The MXV500 supports 1 and 2 Gbps Fibre Channel and is architected to support 4 and 10 Gbps Fibre Channel in the future. It also offers FC over IP protocol support for connecting SAN islands. The MXV500 will also support the iSCSI protocol via a simple software upgrade in the near future. The platform supports core storage services such as FC over IP, IP trunking, LUN masking and on-the-fly remapping, as well as higher-level applications like replication, snapshots, virtualization, NAS and virtual tape.
Impressive specs aside, the company says the real gain comes from its built-in intelligence:
MaXXan says the new MXV500 eliminates the need to deploy storage applications (intelligence) into host servers, independent appliances or array controllers. The company’s SANe architecture design reduces operating expenses and overall management costs by centralizing the deployment and management of key storage applications such as virtualization, data replication, snapshot, mirroring, NAS and virtual tape in a heterogeneous IT environment. The platform provides support for both hardware and software deployed in the solution.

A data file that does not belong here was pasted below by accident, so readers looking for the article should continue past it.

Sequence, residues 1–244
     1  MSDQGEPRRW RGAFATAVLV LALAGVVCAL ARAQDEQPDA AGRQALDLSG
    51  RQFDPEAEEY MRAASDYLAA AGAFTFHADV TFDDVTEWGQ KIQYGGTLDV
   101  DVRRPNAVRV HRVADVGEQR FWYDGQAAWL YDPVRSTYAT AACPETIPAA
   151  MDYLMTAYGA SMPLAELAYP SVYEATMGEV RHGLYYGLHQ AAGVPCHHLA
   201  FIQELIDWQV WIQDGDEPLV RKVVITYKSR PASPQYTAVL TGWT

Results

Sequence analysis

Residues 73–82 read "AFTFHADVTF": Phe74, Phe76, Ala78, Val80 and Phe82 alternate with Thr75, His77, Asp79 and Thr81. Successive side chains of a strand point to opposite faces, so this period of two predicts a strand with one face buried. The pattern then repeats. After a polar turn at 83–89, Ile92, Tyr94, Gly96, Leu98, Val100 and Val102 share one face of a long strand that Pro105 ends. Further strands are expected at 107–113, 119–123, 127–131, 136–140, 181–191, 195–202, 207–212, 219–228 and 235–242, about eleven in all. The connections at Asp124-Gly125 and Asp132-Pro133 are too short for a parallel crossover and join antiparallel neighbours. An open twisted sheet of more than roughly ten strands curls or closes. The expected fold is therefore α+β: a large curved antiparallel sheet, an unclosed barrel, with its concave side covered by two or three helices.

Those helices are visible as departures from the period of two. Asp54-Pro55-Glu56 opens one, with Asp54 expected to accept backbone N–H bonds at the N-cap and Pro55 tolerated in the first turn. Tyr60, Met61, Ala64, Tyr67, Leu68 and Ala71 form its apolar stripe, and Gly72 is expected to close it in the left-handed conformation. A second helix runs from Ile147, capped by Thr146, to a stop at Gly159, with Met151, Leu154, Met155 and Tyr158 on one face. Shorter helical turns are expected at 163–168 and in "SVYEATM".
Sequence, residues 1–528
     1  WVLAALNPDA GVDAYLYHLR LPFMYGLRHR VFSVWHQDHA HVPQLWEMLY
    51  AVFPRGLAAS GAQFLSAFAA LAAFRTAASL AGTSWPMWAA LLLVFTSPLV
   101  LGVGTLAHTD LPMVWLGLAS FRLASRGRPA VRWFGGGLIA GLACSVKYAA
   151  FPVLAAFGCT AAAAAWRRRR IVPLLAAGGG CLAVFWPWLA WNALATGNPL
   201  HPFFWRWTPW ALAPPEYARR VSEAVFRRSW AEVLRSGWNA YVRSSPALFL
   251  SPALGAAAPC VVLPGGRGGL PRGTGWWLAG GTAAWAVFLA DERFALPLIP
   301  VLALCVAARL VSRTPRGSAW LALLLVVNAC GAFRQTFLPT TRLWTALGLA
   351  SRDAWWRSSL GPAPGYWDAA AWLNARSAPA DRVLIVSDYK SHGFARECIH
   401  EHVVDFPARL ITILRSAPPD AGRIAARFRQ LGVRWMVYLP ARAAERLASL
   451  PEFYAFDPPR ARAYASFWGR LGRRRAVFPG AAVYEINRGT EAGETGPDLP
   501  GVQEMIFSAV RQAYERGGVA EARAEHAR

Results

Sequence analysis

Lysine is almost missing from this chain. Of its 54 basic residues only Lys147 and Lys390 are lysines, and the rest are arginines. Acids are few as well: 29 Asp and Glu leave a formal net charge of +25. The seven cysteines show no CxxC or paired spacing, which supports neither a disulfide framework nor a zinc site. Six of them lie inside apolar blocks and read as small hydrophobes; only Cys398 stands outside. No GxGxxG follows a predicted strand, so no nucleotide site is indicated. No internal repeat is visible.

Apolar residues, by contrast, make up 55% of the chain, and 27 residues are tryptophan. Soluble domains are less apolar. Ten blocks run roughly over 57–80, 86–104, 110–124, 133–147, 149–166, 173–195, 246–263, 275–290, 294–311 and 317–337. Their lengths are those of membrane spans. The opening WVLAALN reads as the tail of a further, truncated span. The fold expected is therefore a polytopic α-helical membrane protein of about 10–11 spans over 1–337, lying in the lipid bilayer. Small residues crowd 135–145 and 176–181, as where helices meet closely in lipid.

» Congress says what this pesky spyware thing needs is another law to fix it, so that’s what we’re getting with the “Securely Protect Yourself Against Cyber Trespass Act” (conveniently shortenable to the “SPY Act”):
In the disclosure notice required under the proposed law, the SPY Act requires consumers be informed of the type of information the software collects or sends or the purpose for which the information is collected or sent. The bill also requires that spyware that the consumer consents to download must be easily uninstalled “without undue effort or knowledge” on the part of the computer user.